Ms. Smith is a 34-year-old Caucasian female who presented at the office for her first prenatal appointment. Ms. Smith lives in Palm Beach County and maintains a full-time accounting position. She complains of nausea that occurs particularly in the morning and subsides by 10 am for the past two (2) weeks. However, this nausea has not subsided for three (3) days. Ms. Smith is usually active but has noticed experiencing greater fatigue at the end of the day. She has reported no vaginal bleeding or fetal movement. Her last menstruation was on October 25, 2015. The patient believes she is 12 weeks and took a home pregnancy test which was positive. She denies experiencing abdominal pain, chest pain, diarrhea, shortness of breath, or dizziness.
Past medical history of the patient includes an ectopic pregnancy and surgery both occurring in 2014. Currently, the patient is maintaining prenatal vitamins and supplements. She lives with her husband and their 7-year-old daughter. Aside from working as a full-time accountant, Ms. Smith is working to finish a degree in nursing and takes one to two classes per semester. She denies smoking, drinking alcohol, or using any illegal drugs. She is sexually active and maintains sexual relation with only her husband. She also states that she feels safe at home.
The medical history of the patient’s family was also recorded. The patient maintains no contact with her father and her paternal grandparents, so their medical history remains unknown. Her mother, on the other hand, has hypertension which is managed through medications. Her maternal grandfather is 79 years of age with a history of diabetes and stroke. Her maternal grandmother is also 79 years old with a history rheumatoid arthritis.
The patient denies fatigue, fever, chills and night sweats but admits experiencing decreased energy level. She also denies delayed healing, rashes, bruises, bleeding, skin discolorations, and any changes in moles or lesions. The patient also denies sinus problems, dysphagia, and nose bleeds or other nasal discharges. She also denies dental diseases, hoarseness, and throat pain. Patient also denies ear pain, hearing loss, ringing in the ears, and discharge. She also denies blurring and any kind of visual changes. She also states that she does not experience chest pains, palpitations, PND, orthopnea, and edema. She also denies cough, wheezing, hemoptysis, and edema. The patient also reports no abdominal pain, diarrhea, constipation, and black tarry stools. She also states that she has observed no lumps, bumps or changes in her breasts. Patient also denies urinary incontinence, burning, and color changes in urine. She also denies using contraceptives and any STIs. She states that her last pap smear test was conducted in 2014. Patient denies experiencing back pain, swollen joints, stiffness and pain. She also denies syncope, seizures, transient paralysis, weakness, paresthesias, and episodes of black-outs. The patient also reports absence of swollen glands, increased thirst, increased hunger, and cold/heat intolerance. She also reports that she does not experience depression, anxiety, sleeping difficulties, and suicidal attempts/ideation.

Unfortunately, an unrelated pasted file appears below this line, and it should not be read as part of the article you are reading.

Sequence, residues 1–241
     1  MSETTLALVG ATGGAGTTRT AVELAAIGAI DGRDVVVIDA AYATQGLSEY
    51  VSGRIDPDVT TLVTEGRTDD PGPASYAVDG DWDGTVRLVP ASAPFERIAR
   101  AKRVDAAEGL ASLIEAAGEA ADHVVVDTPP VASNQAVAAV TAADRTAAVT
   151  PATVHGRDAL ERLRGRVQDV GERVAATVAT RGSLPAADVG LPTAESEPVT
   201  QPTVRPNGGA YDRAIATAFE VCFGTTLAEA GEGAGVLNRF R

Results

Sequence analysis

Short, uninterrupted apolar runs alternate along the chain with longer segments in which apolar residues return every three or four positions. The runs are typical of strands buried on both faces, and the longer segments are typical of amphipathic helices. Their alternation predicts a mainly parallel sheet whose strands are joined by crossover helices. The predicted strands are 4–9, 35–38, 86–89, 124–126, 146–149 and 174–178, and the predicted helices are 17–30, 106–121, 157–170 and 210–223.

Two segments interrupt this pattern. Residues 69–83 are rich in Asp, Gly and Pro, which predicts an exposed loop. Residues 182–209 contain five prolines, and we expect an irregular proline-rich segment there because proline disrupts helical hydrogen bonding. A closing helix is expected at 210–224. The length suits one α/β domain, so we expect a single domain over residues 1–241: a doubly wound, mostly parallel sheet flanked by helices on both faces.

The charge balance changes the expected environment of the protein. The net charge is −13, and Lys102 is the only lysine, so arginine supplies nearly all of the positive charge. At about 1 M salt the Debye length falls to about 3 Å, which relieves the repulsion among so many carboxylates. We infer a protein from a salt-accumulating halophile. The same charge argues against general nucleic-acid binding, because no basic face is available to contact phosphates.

Differential diagnoses for Ms. Smith includes false positive pregnancy, molar pregnancy and ectopic pregnancy. Additional testing showed positive urine HCG results. She also tested negative for UTI after urine analysis and observation of fetal heart tone (FHT) showed 156 BPM.